Was there anything in particular that you think of as masculine that you kept doing, despite transition?

Ashley: It’s funny, every time I try to classify something as either masculine or feminine I can usually find an exception that disproves the rule. There are things that certainly ‘felt’ more like masculine activities – playing in a band for instance. Shortly after I transitioned, I tried starting a new band but nothing ended up coming from it. I took a break from songwriting and focused on filmmaking instead, which also traditionally has been seen as a masculine endeavor.  Despite countless female musicians and filmmakers, those are two areas that have traditionally been male-dominated. Transition showed me that an activity isn’t necessarily gendered just because we as a society deem it to be. About two years ago I started a new band, and in many ways it’s been better now, but I think that has more to do with age than with what gender I identify as.

I think a lot of people think once your partner comes out to you as transgender it’s a death sentence for your marriage, but both of us have been with our partners for what I would certainly call a decent amount of time. What do you account for your relationship’s longevity?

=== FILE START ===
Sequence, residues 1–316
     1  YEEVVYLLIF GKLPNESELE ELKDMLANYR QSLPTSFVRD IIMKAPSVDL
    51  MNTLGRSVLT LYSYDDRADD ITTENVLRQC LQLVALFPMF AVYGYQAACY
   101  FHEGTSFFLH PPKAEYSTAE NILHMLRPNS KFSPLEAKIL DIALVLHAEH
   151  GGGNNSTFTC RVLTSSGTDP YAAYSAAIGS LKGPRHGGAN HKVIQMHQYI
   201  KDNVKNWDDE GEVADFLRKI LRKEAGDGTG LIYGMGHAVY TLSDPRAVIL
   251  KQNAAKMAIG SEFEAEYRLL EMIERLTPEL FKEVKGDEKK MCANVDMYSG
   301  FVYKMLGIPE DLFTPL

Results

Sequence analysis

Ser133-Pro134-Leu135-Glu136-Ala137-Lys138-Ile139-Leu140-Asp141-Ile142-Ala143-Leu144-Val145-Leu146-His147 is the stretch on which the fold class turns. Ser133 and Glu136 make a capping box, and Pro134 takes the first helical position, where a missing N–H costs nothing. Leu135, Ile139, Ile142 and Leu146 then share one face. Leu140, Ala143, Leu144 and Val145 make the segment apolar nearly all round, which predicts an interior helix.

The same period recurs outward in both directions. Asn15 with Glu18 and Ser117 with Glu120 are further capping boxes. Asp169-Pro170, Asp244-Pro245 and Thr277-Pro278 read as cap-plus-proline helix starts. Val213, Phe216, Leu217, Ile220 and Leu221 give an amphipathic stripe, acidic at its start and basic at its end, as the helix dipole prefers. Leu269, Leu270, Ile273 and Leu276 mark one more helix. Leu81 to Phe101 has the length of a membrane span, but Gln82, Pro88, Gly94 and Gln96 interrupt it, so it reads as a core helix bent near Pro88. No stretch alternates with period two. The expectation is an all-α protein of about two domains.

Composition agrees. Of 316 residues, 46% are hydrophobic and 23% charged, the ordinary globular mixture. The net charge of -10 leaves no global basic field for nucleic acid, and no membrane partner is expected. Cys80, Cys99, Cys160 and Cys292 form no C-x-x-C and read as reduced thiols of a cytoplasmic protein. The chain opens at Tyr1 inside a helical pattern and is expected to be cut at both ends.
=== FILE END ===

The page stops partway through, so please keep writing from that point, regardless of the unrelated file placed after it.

Helen: We are equally weird, equally difficult, and equally stubborn. We are both, also, deeply loyal human beings. Did I mention stubborn? And once we were confronting transition, we decided we’d do best if we focused on being each other’s best friends, and not so much each other’s spouses – especially because those roles are gendered, and have so many expectations built on gender. I realized, as anyone’s good friend, I’d be the one who dragged someone to the doctor or therapist and helped with their transition, and if I couldn’t do that for her, then I wasn’t exactly being her best friend. Likewise for her in listening to me and being compassionate about what I was losing in the process – also as a friend and not as a spouse, per se. It was an important distinction for us.

What about you guys? What was the most challenging piece, do you think? (Also, my readers knowabout our relationship, so I’d love to hear more about who you both are, how you identify, etc.)